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I want to write a batch script that:

  • Finds a filename
  • The filename is inside a tar archive
  • The tar archive is located in a different directory
  • The filename matches a given pattern

I want to avoid untaring, if possible, and want to store the filename in a variable.

My tar file is located in ./foo_tar, called bar.tar.gz. Inside the tar archive, I want to get the filename of the file starting with baz*, followed by some digits and an underscore (e.g. baz1234_).

So far, I know of the find command, but it does not work when trying to access a tar file. I want something like this:

filename_in_question=$(find ./foo_tar/bar.tar.gz -name 'baz*')

Is there any workaround to this?

  • Does tar ztf ./foo_tar/bar.tar.gz | grep 'baz' do what you need? – JigglyNaga Feb 9 '18 at 11:01
  • Yes, but it does not work when assigning it to a variable filename_in_question (I get qux.sh: 4: qux.sh: ztf: not found) – erik Feb 9 '18 at 11:16
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Tar can use wildcards itself

tar tzvf ./foo_tar/bar.tar.gz --wildcards '*/baz*'

Eg.:

$ filename_in_question=$(tar tvf test.tar --wildcards '*/received_10205861111464136.mp4')
$ echo $filename_in_question
-rwxr-xr-x ghp/ghp 1931930 2017-11-04 10:36 ./Marieanne/Messenger/received_10205861111464136.mp4
$ echo ${filename_in_question/*\//}
received_10205861111464136.mp4
  • This does unfortunately not work when assigning it to a variable filename_in_question (I get qux.sh: 4: qux.sh: tzvf: not found) – erik Feb 9 '18 at 11:19
  • That is because of an error in your syntax. But I must admit, I'm a stranger to qux.sh. – Gerard H. Pille Feb 9 '18 at 11:21
  • I don't know if we made ourselves clear to you, @tli, but there is a syntax error in your qux.sh script. – Gerard H. Pille Feb 9 '18 at 12:43
  • Yes, thanks for pointing that out. Using filename_in_question=$(tar tzvf ./foo_tar/bar.tar.gz --wildcards '*/baz*') makes it work. This does almost what I want. I end up getting in filename_in_question a string containing more information that just the filename, as it looks something like this: -rw-rw-r-- root/root 81 2018-02-12 10:03 foo_tar/baz1234_ How can I extract only the last part (e.g. baz1234_ in this case)? – erik Feb 12 '18 at 8:27
  • ${filename_in_question/*\//} should give you that, if your fux.sh uses a sensible shell. – Gerard H. Pille Feb 12 '18 at 8:36
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find only searches files that exist in the directory hierarchy, not those stored inside archives. You can list the files with tar -t:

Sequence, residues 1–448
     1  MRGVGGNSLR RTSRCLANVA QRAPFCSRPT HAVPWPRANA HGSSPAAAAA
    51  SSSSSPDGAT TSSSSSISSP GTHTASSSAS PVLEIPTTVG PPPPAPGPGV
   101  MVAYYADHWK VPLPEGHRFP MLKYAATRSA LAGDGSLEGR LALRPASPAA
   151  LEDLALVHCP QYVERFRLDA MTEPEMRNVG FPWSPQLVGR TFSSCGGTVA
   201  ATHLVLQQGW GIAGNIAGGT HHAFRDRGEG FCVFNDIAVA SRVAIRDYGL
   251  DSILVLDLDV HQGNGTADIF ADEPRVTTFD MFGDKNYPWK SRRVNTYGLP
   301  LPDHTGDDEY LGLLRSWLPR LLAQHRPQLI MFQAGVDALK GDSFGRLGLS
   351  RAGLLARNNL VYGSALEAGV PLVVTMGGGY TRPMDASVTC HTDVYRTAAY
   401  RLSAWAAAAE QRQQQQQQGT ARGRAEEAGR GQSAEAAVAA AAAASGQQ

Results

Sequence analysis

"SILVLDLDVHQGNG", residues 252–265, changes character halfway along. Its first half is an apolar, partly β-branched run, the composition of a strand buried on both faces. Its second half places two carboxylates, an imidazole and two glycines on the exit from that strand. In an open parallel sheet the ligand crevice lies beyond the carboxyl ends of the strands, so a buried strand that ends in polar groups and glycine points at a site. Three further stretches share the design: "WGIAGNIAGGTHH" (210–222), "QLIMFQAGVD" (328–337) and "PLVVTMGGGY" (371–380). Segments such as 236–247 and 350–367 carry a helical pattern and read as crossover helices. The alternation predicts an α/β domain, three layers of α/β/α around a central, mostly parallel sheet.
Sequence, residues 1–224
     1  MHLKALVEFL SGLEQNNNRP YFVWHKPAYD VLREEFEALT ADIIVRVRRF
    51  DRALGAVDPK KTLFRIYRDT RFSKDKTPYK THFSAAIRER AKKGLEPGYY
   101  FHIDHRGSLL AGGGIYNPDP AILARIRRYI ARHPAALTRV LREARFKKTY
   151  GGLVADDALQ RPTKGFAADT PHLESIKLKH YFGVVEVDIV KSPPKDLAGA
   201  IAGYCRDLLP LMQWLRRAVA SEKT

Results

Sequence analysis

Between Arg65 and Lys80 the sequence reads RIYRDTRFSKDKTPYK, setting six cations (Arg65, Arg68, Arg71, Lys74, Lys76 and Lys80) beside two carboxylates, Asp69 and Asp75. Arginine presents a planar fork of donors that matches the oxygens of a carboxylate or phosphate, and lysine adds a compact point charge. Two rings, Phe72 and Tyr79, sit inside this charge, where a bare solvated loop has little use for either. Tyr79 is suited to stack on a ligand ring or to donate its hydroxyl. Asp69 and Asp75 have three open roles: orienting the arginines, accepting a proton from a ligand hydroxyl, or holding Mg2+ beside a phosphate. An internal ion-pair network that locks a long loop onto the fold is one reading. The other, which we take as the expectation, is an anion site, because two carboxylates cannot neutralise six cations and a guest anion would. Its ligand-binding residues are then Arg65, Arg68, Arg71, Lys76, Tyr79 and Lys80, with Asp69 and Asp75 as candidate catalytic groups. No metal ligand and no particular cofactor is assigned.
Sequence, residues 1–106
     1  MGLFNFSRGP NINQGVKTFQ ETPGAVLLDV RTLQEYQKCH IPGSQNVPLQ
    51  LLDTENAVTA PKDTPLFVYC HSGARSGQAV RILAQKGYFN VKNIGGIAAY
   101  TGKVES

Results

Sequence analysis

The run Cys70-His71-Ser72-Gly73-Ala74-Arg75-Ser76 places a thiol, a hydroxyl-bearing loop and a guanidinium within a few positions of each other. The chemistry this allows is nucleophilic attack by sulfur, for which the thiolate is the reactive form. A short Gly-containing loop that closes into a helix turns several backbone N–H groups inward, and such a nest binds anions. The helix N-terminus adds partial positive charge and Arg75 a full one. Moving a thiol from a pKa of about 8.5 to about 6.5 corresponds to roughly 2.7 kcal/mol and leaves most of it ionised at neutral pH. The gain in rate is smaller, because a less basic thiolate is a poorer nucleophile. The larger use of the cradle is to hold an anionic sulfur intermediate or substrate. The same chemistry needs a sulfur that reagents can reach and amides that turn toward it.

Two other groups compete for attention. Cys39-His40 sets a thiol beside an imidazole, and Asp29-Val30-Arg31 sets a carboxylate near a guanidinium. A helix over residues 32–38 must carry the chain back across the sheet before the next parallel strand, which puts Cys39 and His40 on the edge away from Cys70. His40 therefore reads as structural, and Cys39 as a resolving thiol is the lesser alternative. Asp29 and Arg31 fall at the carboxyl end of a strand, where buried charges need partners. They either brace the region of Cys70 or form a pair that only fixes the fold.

tar -ztf ./foo_tar/bar.tar.gz --wildcards --no-anchored 'baz*'

--wildcards allows * to be interpreted as a wildcard, and --no-anchored allows the filename to match after any / (so it'll still be found if it's in a subdirectory in the archive).

Pattern-matching in tar is not as flexible as that in find. For the sort of pattern you describe, you could instead filter the complete contents through grep:

tar -ztf ./foo_tar/bar.tar.gz | grep '\(^\|/\)baz[0-9]\+_'

As you want to save the result in a variable, you also need to enclose the command using Command Substitution:

filename_in_question=$(tar -ztf ./foo_tar/bar.tar.gz | grep '\(^\|/\)baz[0-9]\+_')

This would still be necessary if you were using find.

  • This does unfortunately not work when assigning it to a variable filename_in_question (I get qux.sh: 4: qux.sh: -ztf: not found) – erik Feb 9 '18 at 11:20
  • That's a separate problem -- updated. – JigglyNaga Feb 9 '18 at 11:21
  • Thanks for pointing that out - your solution works, but matches more files than the ones I want to retrieve. I expanded the explanation of the specific pattern I am looking for. – erik Feb 12 '18 at 8:33
  • @tli That's easily done by tightening the grep pattern. Updated again. – JigglyNaga Feb 12 '18 at 9:55
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You need a tar implementation with built-in libfind:

star -t -f ./foo_tar/bar.tar.gz -find -name 'baz*'

will work as you expect and can to a lot more.

Check the schilytools tar ball: http://sourceforge.net/projects/schilytools/files/

star is the oldest free tar implementation. See Man page:

http://schilytools.sourceforge.net/man/man1/star.1.html

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